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HomeLocal NewsSeed funding for co-operative housing approved by Kingston city council

Seed funding for co-operative housing approved by Kingston city council

The City of Kingston has made up to $50,000 of seed funding available for Limestone City Co-operative Housing Inc. (LCCH) in order to move the project forward.

The funding was approved by city council on June 20.

Prior to the funding being approved, Coun. McLaren, the city’s council appointee to LCCH’s Board of Directors, described “a bit of a catch 22 situation.” In order to determine how much funding is required and apply to larger grants, the organization requires high-level documentation from professionals, such as architects. However, without money to hire those professionals to begin with, the organization was unable to apply for any substantial funding.

However, with this seed funding, Limestone City Co-operative Housing Inc. will be able to retain an architect and other professionals needed to obtain the reports required to bring the project to the next level, including architectural plans and various studies regarding feasibility. In addition to hiring professionals, the organization will also require zoning by-law amendments, which could add additional expenses to the project, making this seed funding all the more important.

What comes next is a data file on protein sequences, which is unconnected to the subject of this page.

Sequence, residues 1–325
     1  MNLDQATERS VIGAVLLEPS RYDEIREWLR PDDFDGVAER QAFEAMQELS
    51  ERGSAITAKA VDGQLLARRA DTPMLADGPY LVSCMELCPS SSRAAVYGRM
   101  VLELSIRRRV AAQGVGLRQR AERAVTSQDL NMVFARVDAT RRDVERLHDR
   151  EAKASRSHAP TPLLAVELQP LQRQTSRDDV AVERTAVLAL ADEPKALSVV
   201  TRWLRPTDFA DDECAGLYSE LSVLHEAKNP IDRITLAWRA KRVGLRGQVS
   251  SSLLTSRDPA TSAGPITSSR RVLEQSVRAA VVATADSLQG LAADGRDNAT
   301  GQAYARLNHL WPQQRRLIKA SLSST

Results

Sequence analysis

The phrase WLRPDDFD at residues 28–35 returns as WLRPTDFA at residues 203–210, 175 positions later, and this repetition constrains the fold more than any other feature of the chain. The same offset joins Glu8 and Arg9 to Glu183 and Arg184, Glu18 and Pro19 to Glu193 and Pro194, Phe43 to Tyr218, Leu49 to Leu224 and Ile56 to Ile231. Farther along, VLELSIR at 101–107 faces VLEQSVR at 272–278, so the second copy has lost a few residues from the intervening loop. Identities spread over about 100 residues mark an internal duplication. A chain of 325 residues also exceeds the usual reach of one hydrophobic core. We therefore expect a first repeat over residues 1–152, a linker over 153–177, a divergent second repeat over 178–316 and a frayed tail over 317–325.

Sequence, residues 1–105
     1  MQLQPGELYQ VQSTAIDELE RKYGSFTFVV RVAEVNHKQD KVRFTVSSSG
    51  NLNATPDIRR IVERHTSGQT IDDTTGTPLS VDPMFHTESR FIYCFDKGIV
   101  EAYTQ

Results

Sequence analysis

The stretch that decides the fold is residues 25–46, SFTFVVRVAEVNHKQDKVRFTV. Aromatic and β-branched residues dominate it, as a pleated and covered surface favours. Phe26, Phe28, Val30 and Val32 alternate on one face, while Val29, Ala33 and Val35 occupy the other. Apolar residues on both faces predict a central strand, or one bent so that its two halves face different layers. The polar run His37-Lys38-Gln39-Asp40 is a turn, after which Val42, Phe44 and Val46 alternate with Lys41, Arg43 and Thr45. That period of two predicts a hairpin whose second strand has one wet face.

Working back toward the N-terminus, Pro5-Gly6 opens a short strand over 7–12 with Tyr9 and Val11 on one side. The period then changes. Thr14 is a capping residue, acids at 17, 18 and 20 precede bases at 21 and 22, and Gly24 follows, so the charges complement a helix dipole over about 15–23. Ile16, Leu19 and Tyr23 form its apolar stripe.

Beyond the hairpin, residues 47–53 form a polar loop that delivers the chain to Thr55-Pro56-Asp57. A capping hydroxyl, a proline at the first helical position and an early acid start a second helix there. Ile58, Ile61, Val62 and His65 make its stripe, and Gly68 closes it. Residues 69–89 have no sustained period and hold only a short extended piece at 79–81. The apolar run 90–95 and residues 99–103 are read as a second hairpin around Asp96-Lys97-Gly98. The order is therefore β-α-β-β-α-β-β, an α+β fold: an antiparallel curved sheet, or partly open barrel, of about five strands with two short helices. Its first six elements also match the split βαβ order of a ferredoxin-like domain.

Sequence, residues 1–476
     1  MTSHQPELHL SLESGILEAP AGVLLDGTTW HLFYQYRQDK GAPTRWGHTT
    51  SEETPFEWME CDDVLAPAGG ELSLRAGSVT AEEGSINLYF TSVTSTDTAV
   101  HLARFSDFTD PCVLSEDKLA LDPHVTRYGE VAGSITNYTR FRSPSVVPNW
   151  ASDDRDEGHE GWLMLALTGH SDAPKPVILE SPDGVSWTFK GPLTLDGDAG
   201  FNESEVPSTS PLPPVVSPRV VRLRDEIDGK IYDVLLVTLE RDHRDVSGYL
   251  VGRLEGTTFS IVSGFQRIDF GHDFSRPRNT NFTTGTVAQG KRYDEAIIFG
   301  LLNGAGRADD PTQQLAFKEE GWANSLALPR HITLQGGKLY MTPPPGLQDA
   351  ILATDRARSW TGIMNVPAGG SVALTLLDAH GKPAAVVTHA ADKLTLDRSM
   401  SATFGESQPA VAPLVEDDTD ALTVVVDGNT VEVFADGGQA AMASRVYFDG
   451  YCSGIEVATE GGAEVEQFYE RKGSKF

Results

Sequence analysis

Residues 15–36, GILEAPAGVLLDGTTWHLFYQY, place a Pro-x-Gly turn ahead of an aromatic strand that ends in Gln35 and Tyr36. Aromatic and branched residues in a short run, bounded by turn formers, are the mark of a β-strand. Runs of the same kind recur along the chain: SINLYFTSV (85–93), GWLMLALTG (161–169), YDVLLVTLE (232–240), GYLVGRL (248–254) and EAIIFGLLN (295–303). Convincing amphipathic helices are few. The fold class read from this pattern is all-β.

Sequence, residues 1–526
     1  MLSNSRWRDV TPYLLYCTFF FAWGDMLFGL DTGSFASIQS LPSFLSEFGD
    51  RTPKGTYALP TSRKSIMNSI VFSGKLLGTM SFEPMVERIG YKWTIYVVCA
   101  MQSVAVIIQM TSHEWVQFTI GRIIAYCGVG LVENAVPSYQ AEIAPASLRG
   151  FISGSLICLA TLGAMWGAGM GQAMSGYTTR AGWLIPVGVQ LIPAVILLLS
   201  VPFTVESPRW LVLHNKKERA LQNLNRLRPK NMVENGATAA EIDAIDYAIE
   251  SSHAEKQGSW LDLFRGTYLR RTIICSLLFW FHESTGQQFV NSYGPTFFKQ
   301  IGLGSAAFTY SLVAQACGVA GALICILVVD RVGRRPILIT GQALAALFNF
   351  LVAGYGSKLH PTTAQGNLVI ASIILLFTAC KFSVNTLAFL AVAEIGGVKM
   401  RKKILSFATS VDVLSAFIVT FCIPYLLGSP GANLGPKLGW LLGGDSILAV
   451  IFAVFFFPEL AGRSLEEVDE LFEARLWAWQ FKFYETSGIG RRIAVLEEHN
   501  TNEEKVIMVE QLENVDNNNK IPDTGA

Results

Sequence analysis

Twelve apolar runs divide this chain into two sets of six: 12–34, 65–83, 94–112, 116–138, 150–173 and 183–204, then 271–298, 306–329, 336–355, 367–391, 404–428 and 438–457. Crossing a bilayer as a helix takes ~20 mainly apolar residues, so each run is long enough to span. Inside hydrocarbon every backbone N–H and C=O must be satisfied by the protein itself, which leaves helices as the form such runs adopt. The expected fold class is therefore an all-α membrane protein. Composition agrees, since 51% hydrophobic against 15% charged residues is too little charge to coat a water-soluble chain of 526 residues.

The goals LCCH is working towards include a building with up to 300 mixed income units. McLaren discusses several ways in which the building will promote community, wellness, and mental health through features of the structure itself and the encouragement of community fostering activities amongst residents and other community members. LCCH also plans on integrating several environmentally friendly features into the building, including indoor vertical farming, a green wall, and other agricultural fixtures.

“These funds will give us a much needed start,” states Councillor McLaren.

Ashley Perna, another member of LCCH’s Board of Directors, seconds this statement, “Once we have more specifics about the site, including overall size and an approximation of how many folks could potentially live there, we can also start applying for larger grants. Those funds can then be used to actually break ground and start building. It isn’t a rapid fast process, but with the City’s help, we can move forward much quicker.”

Listen to the full story featuring an interview with Councillor Jeff McLaren below:

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